I'm curious about the legal situation with respect to bugfixes in the EU: EU warranty law requires the vendor to warrant that a product is free of manufacturing defects, and there is no time limit to this warranty. It could be argued that any bug in software is a "manufacturing defect", and therefore the vendor needs to provide bugfixes forever more. Courts would probably say that it is unreasonable to require the vendor to engineer patches for very old software. *However*, if the patches are already being produced anyway, is it reasonable for the vendor to only allow their current support customers to access the patches, rather than making them freely available to anyone who has bought the defective product in the past?

    So whilst I'll agree that the code is proprietary and other people shouldn't be redistributing them without Oracle's permission, I do question whether Oracle shouldn't be legally obliged to provide those patches to everyone who bought Solaris anyway.

  • Suicide (Score:4, Interesting)

    by e70838 (976799) on Wednesday January 29, 2014 @06:47AM (#46098499)
    It looks as if oracle is doing its best to make developers hate them. The problem is that developers of today often become decision makers of tomorrow. Oracle misbehaved about mysql, about java (very bad handling of security issues), about opensource software (open office, open solaris and java) and now even about solaris. I do not know if there are really short term benefits, but I think it is a long term suicide.
  • Re:What assholes (Score:5, Interesting)

    by Anonymous Coward on Wednesday January 29, 2014 @11:21AM (#46099987)

    Patches are part of the cost of doing business, and Oracle is simply making its customers financially responsible for Oracle's incompetence.

    I have seen first hand how bad it could be. At some point we were buying lots of hardware. Quality wasn't great though. It was so bad, that we wrote scripts to file RMA cases on hardware which was often DoA or failed within a couple of months. They couldn't keep up with their contractual obligations to provide replacement parts. Alas, we had not negotiated proper sanctions in that case. In practice it cost them nothing to fail on delivering replacements.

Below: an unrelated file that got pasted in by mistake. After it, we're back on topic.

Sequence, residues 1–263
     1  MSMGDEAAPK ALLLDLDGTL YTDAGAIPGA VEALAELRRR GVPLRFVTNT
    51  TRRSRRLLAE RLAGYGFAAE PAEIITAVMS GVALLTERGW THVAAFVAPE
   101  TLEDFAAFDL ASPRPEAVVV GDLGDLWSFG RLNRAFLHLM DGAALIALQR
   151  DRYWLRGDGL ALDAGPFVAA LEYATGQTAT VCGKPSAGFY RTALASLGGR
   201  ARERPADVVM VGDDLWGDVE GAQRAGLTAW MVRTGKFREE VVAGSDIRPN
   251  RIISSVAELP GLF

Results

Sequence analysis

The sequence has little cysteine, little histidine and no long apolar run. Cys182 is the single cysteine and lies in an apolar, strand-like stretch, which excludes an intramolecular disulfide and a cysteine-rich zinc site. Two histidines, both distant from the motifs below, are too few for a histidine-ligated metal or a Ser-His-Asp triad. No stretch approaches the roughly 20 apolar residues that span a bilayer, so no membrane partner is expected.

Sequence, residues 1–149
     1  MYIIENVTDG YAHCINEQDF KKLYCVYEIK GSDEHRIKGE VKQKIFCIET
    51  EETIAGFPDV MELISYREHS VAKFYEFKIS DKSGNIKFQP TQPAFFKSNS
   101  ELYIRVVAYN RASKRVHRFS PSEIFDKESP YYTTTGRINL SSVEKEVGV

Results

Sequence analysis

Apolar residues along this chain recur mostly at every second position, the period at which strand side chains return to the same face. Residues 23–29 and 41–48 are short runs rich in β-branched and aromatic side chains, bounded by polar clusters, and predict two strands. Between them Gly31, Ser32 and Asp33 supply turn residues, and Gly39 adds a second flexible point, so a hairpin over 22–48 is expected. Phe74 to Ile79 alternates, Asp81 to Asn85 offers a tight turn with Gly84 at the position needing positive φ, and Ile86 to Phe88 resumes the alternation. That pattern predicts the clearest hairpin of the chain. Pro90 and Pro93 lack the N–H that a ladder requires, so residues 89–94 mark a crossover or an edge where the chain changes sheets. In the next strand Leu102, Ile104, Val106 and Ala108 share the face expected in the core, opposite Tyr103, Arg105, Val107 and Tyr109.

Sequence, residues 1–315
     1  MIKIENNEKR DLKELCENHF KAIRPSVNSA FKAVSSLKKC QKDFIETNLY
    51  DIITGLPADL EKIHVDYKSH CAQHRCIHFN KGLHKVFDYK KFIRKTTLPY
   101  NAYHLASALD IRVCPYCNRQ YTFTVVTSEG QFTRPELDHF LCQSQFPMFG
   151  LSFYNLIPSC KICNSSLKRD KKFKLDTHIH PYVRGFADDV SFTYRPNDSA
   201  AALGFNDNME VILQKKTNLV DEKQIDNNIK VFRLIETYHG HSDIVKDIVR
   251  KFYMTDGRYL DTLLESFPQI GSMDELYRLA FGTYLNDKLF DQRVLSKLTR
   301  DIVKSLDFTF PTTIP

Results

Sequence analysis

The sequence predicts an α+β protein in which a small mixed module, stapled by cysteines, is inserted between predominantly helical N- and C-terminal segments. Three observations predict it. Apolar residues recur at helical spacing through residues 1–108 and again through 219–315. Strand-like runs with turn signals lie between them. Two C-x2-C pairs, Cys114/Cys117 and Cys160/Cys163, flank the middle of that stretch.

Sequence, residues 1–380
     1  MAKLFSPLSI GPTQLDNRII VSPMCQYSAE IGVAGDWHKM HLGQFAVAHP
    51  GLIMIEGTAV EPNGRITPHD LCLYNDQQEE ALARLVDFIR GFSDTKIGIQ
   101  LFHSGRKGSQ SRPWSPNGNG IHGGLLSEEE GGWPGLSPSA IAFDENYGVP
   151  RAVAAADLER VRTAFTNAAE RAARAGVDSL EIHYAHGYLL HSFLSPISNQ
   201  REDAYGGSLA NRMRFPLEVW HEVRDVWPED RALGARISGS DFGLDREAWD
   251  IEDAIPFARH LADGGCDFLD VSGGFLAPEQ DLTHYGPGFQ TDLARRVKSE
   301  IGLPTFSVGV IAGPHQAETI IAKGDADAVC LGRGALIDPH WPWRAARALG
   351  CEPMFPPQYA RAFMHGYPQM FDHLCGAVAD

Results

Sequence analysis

So what could we do, once we were short on functional hardware? It had to be compatible with the systems we were running, which meant there was only one place we could buy more hardware from. Turns out, hardware can be delivered on schedule, when you place a new order, but they could not do it, when the hardware failed a couple of months later. Failure to deliver replacement parts on time turned into additional sales for them.

    Until then vendor-lock-in had been a theoretical concept to me. It was only once I found myself in that situation, I realized what it was like in practice. In retrospect every step on the way to this vendor-lock-in was a rational decision. There was no single step on the way, which I could pinpoint as being a bad decision, but the outcome was a vendor-lock-in.

    Lesson learned, you have to worry about a potential vendor-lock-in frequently. At least before every major decision consider if that is leading towards a vendor-lock-in, and how you can get out of it again. At that point it became clear that the next rational decision was an investment in getting out of that vendor-lock-in.

  • Re:What assholes (Score:4, Interesting)

    by drinkypoo (153816) <martin.espinoza@gmail.com> on Wednesday January 29, 2014 @11:35AM (#46100109) Homepage Journal

    will SPARC take Solaris with it, or will they just stop treating the x86-64 port like a bastard child and keep right on selling it on Xeon/Opteron boxes instead?

    If Solaris survives it will survive in Oracle turnkey systems. They'll become the netware of our day and get left behind at that point.

The flow chart is a most thoroughly oversold piece of program documentation. -- Frederick Brooks, "The Mythical Man Month"